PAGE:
This secret trial by TV violates the rights of the accused, as enshrined in the International Covenant on Civil and Political Rights (ICCPR), which requires that the accused be granted a fair and public hearing before a “competent, independent and impartial tribunal”. In addition, it violates the Iraqi constitution, by which the Kurdistan Regional Government is bound.

The enquiry erred in blaming one person for the operation. The objective evidence clearly reveals that a group of armed men in a vehicle were responsible for the act. Has the enquiry identified who these people were and how they were linked to the man on TV? Of course, Sardasht’s family announced that they have no case against the TV man.

Contrary to the objective evidence, the KDP enquiry concluded that Sardasht was shot, not in the mouth, but in the head, and he was not tortured. To make matters even murkier, the report never mentioned that the young student was also a journalist. This has alienated those who waited months for the result of the enquiry. It is clear that the enquiry was a politically-calculated one, not factually correct.

A public enquiry is not about pinning a murder on someone or showing that the authorities are capable of finding the perpetrator. It is much wider than this. In any system, things go wrong. In Sardasht’s case, things went seriously wrong, which needs to be acknowledged and addressed, in order for it to be rectified and to not happen again. The enquiry should identify the deficiencies in the system and propose ways to resolve them, albeit, the resolution can be left for the responsible parties to resolve. In this way, the KRG would regain some of the trust of Kurdistan’s public and the international community.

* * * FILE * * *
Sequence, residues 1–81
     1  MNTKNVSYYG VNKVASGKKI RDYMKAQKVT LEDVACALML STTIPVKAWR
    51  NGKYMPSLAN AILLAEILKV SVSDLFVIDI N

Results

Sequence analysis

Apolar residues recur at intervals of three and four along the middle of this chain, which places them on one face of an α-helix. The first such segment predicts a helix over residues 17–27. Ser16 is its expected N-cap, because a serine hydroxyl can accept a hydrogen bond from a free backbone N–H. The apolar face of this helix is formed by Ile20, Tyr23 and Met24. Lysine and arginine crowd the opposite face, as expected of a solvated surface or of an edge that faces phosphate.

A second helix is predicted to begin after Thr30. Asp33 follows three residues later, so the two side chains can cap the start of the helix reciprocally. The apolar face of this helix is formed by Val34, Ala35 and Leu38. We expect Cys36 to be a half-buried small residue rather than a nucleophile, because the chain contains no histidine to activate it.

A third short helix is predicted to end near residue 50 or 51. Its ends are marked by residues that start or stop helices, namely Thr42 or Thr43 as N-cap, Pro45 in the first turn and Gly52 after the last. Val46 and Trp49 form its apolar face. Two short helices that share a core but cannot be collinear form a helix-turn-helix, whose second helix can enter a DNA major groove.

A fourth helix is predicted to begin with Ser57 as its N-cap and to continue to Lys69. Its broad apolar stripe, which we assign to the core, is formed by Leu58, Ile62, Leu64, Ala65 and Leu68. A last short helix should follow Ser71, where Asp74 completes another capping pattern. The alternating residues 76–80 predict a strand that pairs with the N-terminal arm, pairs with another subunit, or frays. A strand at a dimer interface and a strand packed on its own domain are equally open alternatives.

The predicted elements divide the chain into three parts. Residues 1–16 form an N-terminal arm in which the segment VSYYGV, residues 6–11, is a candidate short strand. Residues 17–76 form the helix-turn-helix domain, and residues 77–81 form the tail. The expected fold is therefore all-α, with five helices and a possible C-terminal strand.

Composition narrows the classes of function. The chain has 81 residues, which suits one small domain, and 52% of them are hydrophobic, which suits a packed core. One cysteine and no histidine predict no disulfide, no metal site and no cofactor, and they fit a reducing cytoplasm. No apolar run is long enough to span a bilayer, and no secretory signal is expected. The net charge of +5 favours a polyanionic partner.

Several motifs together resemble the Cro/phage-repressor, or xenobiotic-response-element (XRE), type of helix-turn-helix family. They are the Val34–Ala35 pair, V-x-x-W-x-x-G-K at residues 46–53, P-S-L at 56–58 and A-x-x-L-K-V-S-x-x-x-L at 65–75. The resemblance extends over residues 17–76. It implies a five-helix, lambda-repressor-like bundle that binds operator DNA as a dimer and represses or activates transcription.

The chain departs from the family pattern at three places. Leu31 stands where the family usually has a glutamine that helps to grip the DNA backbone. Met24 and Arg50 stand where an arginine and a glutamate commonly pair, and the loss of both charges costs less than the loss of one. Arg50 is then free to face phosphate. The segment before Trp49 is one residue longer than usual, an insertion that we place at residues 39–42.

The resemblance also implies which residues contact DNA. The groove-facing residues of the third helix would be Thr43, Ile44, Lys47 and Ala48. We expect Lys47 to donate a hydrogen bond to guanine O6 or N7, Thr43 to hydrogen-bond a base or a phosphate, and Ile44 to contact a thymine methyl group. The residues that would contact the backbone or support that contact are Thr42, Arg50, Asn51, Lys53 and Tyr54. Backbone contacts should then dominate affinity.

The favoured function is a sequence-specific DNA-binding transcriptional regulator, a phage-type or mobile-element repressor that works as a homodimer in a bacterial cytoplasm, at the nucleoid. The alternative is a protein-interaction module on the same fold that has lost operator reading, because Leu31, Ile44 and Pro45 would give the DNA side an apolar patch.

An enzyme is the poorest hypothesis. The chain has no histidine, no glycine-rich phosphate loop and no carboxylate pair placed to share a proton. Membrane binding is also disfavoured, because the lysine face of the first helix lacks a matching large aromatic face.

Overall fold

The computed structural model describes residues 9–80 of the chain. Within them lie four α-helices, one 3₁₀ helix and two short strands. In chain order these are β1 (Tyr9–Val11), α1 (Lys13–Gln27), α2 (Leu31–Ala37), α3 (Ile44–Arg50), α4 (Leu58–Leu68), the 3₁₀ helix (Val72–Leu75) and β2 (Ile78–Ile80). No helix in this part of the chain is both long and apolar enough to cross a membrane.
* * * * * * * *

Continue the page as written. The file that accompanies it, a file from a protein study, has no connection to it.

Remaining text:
I don’t know the individuals involved in Sardasht’s enquiry; perhaps the problem starts here. An enquiry like this should be public and the individuals must be high profile people with known impartiality. A cross-party committee of the parliament would have been a good way to constitute a committee for the independent enquiry.

We may also learn by drawing a parallel between the enquiries of British Stephen Lawrence and Kurdish Sardasht Osman.

The black British 18-year-old student, Stephen Lawrence, was stabbed to death while waiting for a bus on the evening of 22 April 1993.

In 1999, an enquiry headed by Sir William Macpherson, a well known individual, examined the original Metropolitan police investigation and concluded that the police were "institutionally racist". Unlike Sardasht’s enquire, Sir Macpherson’s one blamed the authorities. The case was a milestone in the British justice system and also for race relations in the UK. Furthermore, it is believed that it paved the way for the creation and passing of the Criminal Justice Act (2003), that altered the centuries-old principle of double jeopardy—which stipulated that a person could not be tried twice for the same offence.

The kidnapping, torture and murder of a 23-year-old student and journalist in broad daylight and in the heart of regional capital shocked us all. However, the findings of the KRG enquiry were very unfortunate, as many simple facts that we all knew seemed to be distorted or missing entirely; a failed attempt to undo what we already knew about the murder.

Perhaps the positive side of this unfortunate incident is that the Kurdistan population will no longer accept atrocities perpetrated against them; they require honesty, transparency, clarity and accountability from authorities.